Since, this year, Christmas Eve falls on a Friday that means, if I want to do our annual Christmas radio show I need to do it today. Which is fine. Christmas is a fun, and interesting, holiday. Steeped in traditions that have nothing to do with its alleged origins it has become a global holiday that brings out the strangest in people. I’ve done my fair share of articles on the day, covering everything from the joys of Christmas poop to how Colonel Sanders is the image used for Santa in Japan, and you can use the previous link if you want to read them all. Today I’m not going to talk about those. Instead I’d like to spend some time talking about the two guys who represent the day. From the religious side of things. Because, believe it or not, a long time ago, in a Galilee far away, this whole thing had to do with a dude who said some very nice things and another dude who did some. Let’s take a look at them in chronological order.
First, what is the name of the first dude? As Matt Slick of the Christian Apologetics and Research Ministry notes, that’s easier asked than answered.
A lot of people, including some Messianic Jews (Jews who believe Jesus is the Messiah), will call Jesus by a different name: Yeshua (Hebrew יֵשׁוּעַ). They say that Yeshua is the Jewish name that Jesus would have been called by those who knew Him. Some messianics and other groups say that Yeshua is Jesus’ real name and that the name “Jesus” is wrong. Others say that it is okay to use either one. But then again, there are those who say that the word, “Jesus,” is pagan in origin and should not be used at all. And if that weren’t enough, some say that “Jesus” is derived from “Zeus” and really means “hail Zeus.” With all these possibilities is there a real answer to what was the Messiah’s real name? Yes, there is. It is found in the New Testament.
Fortunately for us, the nice people at Got Questions (a faith based scholarship website), have the answer.
Some people claim that our Lord should not be referred to as “Jesus.” Instead, we should only use the name “Yeshua.” Some even go so far as to say that calling Him “Jesus” is blasphemous. Others go into great detail about how the name “Jesus” is unbiblical because the letter J is a modern invention and there was no letter J in Greek or Hebrew.
Yeshua is the Hebrew name, and its English spelling is “Joshua.” Iesous is the Greek transliteration of the Hebrew name, and its English spelling is “Jesus.” Thus, the names “Joshua” and “Jesus” are essentially the same; both are English pronunciations of the Hebrew and Greek names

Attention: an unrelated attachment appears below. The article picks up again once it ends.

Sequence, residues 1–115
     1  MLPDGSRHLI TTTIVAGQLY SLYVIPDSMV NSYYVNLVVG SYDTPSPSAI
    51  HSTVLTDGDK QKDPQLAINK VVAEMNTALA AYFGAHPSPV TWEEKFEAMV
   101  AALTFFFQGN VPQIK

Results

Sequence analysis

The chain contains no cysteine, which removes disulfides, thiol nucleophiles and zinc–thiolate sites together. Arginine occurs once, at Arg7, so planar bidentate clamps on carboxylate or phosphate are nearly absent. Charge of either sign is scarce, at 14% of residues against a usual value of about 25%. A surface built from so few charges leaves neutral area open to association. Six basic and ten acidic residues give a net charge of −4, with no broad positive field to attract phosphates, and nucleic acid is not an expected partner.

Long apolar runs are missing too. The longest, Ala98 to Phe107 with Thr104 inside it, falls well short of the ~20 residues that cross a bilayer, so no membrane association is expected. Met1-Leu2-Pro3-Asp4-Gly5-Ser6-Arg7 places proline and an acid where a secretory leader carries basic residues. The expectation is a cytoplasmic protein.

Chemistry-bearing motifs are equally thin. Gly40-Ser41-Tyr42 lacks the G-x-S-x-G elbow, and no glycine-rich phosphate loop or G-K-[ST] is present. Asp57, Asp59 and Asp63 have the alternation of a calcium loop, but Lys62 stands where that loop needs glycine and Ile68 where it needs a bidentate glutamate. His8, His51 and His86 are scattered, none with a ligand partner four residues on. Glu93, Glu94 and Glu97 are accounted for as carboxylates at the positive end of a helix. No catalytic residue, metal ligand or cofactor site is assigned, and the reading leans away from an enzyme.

Quick note here, no matter which name you use, there’s no requirement in the bible that you only use one language or another. As long as you’re referring to the prophet of the New Testament, you’re golden.
Okay, so now we’ve named him. Let’s take a quick peek at the events leading up to His birth. I wrote Another Birther Conspiracy back in 2012 and, since the facts happened over 2,000 years ago, not much has changed. The one thing that did has been corrected with a minor, parenthetical, edit.
Before we get to the story of the birth of Jesus we need to back track a bit. Specifically we need to go back to 63 BC. That was when Rome invaded, and conquered, Judea, the land of the Jews. The Jews, as you might imagine, did not like being invaded and conquered so there were several minor rebellions. Rome dealt with them in their usual subtle fashion, they killed anyone who opposed them.
Keep in mind that Judea had many great warriors but Rome had an army. There is a massive difference there. And the result of their clash was obvious. In less than a year Judea was a Roman enclave.
Rome wanted two things from Judea; (1) a Mediterranean port for trade and; (2) taxes. The former it got by holding the land, the latter it got by imposing the same method that Romans used on any lands they conquered. A centurion would guesstimate the population of a town or village, round it up and say “You owe Rome this much money every month.” It was then up to whoever the Centurion assigned to collect that money.